One Christmas morning, when I was about 12, I was awakened by the sounds of my two little sisters ripping open their gifts, screeching with excitement at the sight of each new toy. I couldn’t believe I’d overslept! I hopped out of bed and ran out into the living room to get in on the action. I tossed torn wrapping paper to the left and the right as I searched for a present with my name on it. I shoved box after box aside, each of them for my younger sisters.

My mother sat there, congratulating my sisters on all the gifts Santa brought them, never saying a word to me, never saying, “Good morning,” never saying, “Merry Christmas.”

I searched around the tree.

I looked.

And I looked.

Nothing. Nothing for me.

With my heart sunken and my head hung low, I retreated back into my bedroom, closed the door, and cried. Then, I called a boy to make me feel better.

And he did.

He was an older boy who lived in the neighborhood, a boy we called 3B, because his first, last, and middle names all began with the letter B. He was a tall, slender, Puerto Rican kid from New York, and I called him my boyfriend. He was 17 and already a career criminal, but he was sweet with me, and every time I needed him, he was there.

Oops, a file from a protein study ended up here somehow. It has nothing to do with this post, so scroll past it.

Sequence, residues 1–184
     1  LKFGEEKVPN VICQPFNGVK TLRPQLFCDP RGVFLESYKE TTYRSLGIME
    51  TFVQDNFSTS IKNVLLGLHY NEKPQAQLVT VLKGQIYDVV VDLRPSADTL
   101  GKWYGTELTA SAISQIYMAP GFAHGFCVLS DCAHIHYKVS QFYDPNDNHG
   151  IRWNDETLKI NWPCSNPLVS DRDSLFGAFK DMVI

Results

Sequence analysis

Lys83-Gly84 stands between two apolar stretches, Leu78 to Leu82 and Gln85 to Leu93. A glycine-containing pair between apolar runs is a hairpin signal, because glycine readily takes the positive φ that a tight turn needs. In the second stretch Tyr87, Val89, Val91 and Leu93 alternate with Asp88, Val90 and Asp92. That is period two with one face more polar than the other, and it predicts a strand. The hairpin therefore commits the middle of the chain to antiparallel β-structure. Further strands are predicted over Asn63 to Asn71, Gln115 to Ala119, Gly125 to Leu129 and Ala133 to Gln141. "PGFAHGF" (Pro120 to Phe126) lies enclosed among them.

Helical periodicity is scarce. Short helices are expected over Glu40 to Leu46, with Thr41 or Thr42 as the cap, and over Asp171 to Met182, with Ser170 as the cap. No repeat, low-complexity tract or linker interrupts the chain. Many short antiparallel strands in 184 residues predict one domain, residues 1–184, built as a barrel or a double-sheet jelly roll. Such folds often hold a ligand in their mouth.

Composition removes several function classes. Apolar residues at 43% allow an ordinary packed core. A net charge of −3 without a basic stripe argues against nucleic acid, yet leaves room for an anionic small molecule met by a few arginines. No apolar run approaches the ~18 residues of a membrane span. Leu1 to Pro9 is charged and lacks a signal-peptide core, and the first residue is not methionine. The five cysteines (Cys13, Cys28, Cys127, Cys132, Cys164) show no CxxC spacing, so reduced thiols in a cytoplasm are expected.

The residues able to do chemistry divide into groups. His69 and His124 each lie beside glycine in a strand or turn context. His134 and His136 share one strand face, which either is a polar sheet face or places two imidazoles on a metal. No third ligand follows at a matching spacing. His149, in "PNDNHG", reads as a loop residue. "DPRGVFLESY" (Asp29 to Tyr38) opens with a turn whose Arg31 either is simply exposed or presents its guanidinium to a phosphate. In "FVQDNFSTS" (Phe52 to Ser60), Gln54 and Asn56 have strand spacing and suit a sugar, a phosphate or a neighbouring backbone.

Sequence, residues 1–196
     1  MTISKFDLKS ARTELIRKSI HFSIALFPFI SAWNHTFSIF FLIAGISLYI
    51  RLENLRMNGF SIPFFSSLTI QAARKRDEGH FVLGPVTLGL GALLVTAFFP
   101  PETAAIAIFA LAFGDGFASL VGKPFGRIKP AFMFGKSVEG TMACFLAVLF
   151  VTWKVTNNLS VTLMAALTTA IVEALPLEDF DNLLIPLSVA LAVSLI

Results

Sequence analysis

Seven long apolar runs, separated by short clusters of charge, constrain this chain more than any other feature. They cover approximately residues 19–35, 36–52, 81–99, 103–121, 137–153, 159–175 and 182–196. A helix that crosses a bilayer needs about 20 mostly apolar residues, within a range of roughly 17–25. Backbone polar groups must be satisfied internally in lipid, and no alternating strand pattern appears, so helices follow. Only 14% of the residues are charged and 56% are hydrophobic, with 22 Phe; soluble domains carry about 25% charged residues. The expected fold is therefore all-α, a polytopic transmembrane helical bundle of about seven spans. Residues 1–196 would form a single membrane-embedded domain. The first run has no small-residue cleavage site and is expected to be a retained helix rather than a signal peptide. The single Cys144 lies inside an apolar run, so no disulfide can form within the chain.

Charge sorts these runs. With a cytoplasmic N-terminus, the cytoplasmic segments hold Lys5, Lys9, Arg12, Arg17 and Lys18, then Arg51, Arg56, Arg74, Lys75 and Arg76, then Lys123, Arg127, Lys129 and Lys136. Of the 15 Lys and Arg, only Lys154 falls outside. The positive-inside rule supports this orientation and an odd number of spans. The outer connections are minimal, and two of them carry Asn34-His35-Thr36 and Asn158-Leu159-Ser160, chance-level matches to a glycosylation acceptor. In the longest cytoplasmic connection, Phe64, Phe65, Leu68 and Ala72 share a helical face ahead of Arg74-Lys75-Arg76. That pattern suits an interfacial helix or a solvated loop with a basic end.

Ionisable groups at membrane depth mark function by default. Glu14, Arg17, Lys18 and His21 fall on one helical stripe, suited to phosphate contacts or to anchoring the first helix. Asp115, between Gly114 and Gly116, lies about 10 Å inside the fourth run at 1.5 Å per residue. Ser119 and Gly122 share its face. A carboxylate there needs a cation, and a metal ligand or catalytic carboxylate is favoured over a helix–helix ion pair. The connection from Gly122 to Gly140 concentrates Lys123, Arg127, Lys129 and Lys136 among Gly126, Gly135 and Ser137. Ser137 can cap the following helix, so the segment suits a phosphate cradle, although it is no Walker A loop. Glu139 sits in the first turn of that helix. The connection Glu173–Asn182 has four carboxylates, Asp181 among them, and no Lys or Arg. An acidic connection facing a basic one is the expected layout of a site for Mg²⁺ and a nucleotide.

So, that morning, I asked him to meet me on the playground, and like a genie pouring out of a bottle, 3B appeared.

In a matter of just a few hours, I was taught two things: how it felt to experience zero gratification, and how it felt to experience gratification in an instant.

That was the start of a long career of THOTTING.